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Menschen zählen aus dem All. Möglichkeiten und Grenzen von Satellitendaten zur Abschätzung der Bevölkerungsentwicklung und des Gebäudebestandes in deutschen Städten

Author

Listed:
  • Michael Wurm
  • Hannes Taubenböck
  • Jan Goebel
  • Stefan Dech
  • Gert G. Wagner

Abstract

Is it possible to count the earth’s population from outer space? The answer is yes, in urban areas it is possible. However, this can only be done in an indirect manner: by identifying physical objects in the urban landscape in earth observation data and using these to estimate the number of inhabitants. Since the approach is indirect, data protection and the individual right to privacy are fully guaranteed. The data obtained using this method fill a gap, given that municipal population registers do not contain accurate population counts. However, remote sensing technology is not able to provide cadastral information. Nevertheless, as this paper shows, satellite imagery is capable of providing the basis for population estimates for small-scale areas. And, of course, remote sensing data also can be used to estimate the building stock. It would make sense to produce such estimates during the intervals between each building stock census, which is usually conducted every ten years with the population census. Remote sensing data cannot replace a population census, but can enrich the analytical power of population census data.

Suggested Citation

  • Michael Wurm & Hannes Taubenböck & Jan Goebel & Stefan Dech & Gert G. Wagner, 2010. "Menschen zählen aus dem All. Möglichkeiten und Grenzen von Satellitendaten zur Abschätzung der Bevölkerungsentwicklung und des Gebäudebestandes in deutschen Städten," Working Paper Series of the German Council for Social and Economic Data 155, German Council for Social and Economic Data (RatSWD).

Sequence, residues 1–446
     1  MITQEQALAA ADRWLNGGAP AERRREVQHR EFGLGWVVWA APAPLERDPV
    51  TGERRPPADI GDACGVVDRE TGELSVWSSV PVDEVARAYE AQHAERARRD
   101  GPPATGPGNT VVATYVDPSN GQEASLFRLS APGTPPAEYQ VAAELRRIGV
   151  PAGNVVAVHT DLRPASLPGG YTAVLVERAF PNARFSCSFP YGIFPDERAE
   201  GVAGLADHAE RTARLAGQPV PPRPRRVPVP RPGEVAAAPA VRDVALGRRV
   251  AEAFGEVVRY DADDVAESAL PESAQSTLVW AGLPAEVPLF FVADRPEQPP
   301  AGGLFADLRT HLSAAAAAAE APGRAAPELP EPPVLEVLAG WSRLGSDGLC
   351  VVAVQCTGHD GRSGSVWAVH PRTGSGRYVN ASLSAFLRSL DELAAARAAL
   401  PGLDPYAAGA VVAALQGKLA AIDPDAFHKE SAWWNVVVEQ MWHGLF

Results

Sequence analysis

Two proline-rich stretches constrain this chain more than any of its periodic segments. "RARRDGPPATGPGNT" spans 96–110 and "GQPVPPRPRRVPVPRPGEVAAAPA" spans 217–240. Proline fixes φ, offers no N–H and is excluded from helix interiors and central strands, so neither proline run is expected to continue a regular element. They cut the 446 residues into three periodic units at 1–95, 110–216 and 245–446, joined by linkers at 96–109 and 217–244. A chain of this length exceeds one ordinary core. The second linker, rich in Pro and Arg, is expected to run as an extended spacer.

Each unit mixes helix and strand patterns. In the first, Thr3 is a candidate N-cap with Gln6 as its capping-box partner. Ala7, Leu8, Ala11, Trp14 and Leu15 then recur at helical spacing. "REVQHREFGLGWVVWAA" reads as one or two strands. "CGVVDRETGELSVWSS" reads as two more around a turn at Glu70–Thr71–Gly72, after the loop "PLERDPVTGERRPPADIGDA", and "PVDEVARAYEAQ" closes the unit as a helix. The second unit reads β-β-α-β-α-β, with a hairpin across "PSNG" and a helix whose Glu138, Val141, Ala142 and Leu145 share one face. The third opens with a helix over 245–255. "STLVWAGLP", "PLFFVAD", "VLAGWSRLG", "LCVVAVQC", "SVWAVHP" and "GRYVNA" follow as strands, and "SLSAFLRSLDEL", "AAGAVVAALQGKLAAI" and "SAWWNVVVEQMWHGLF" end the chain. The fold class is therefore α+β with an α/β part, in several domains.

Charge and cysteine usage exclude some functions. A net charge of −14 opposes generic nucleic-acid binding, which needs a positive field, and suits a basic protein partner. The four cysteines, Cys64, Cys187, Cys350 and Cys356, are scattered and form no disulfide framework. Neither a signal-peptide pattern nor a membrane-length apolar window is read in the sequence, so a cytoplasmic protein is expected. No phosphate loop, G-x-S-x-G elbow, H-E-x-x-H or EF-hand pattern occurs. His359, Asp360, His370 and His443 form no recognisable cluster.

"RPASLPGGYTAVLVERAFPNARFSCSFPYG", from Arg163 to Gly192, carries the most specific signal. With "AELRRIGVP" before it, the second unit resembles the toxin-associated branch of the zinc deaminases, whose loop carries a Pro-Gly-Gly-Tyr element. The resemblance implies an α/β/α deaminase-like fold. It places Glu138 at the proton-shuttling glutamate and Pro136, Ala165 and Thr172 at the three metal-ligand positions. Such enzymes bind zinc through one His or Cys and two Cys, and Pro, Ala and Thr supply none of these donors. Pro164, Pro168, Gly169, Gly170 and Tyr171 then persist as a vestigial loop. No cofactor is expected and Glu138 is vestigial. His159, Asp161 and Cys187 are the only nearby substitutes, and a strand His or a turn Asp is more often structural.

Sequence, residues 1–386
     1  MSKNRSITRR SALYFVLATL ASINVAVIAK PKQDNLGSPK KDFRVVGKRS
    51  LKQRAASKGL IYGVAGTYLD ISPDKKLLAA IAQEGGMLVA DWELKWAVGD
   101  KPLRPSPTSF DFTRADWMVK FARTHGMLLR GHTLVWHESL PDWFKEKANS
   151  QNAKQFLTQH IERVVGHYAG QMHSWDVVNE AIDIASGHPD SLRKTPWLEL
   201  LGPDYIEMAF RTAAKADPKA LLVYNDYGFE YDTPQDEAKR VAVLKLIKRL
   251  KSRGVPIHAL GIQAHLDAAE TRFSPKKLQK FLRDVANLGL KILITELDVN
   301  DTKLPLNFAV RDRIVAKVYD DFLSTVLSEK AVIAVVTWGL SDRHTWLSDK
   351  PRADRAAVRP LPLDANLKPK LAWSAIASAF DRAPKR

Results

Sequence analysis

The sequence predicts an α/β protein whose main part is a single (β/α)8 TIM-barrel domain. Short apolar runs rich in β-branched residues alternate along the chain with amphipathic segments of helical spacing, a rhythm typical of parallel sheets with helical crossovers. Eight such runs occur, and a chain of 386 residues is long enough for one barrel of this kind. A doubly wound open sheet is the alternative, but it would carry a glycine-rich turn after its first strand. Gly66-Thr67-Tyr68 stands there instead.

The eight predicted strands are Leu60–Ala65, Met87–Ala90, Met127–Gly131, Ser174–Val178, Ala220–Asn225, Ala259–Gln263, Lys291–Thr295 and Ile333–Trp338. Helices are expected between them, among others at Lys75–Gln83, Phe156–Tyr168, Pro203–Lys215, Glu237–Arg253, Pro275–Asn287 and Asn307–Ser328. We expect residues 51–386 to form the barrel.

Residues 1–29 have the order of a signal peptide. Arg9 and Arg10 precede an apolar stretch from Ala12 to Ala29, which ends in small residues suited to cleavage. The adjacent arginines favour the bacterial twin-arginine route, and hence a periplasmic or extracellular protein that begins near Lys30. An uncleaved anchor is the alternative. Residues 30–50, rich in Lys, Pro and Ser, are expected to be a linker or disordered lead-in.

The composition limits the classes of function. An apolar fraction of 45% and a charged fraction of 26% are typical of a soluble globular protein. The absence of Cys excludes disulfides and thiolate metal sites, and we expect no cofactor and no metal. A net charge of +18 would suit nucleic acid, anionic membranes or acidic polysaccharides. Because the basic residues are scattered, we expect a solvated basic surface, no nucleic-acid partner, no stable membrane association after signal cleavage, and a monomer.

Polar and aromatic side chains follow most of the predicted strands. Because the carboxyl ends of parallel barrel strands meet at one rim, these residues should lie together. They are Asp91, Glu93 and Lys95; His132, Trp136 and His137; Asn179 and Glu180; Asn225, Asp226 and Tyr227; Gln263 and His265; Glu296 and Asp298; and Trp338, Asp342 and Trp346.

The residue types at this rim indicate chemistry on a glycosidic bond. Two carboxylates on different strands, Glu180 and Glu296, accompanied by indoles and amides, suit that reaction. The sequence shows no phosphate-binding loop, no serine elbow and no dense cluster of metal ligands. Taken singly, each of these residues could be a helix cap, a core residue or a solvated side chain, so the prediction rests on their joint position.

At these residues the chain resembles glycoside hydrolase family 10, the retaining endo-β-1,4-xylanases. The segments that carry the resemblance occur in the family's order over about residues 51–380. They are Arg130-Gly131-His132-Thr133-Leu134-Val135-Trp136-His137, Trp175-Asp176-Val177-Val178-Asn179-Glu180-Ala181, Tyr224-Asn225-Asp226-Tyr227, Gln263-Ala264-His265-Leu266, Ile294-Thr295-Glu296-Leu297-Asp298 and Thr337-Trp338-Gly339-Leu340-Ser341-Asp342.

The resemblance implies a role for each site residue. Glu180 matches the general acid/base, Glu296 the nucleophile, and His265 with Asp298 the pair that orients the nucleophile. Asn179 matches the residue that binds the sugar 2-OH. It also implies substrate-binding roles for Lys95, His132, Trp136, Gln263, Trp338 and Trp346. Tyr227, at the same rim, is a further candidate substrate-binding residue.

• Handle: RePEc:rsw:rswwps:rswwps155
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    File URL: http://www.ratswd.de/download/RatSWD_WP_2010/RatSWD_WP_155.pdf
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    References listed on IDEAS

    as
    1. de la Grandville,Olivier, 2009. "Economic Growth," Cambridge Books, Cambridge University Press, number 9780521725200, December.
    2. de la Grandville,Olivier, 2009. "Economic Growth," Cambridge Books, Cambridge University Press, number 9780521898010, December.
    3. Xi Chen & William D. Nordhaus, 2010. "The Value of Luminosity Data as a Proxy for Economic Statistics," NBER Working Papers 16317, National Bureau of Economic Research, Inc.
    4. J. Vernon Henderson & Adam Storeygard & David N. Weil, 2012. "Measuring Economic Growth from Outer Space," American Economic Review, American Economic Association, vol. 102(2), pages 994-1028, April.
    Full references (including those not matched with items on IDEAS)

    More about this item

    Keywords

    Remote Sensing; spatial disaggregation; population estimation; census;

    JEL classification:

    • J11 - Labor and Demographic Economics - - Demographic Economics - - - Demographic Trends, Macroeconomic Effects, and Forecasts
    • C83 - Mathematical and Quantitative Methods - - Data Collection and Data Estimation Methodology; Computer Programs - - - Survey Methods; Sampling Methods
    • R14 - Urban, Rural, Regional, Real Estate, and Transportation Economics - - General Regional Economics - - - Land Use Patterns

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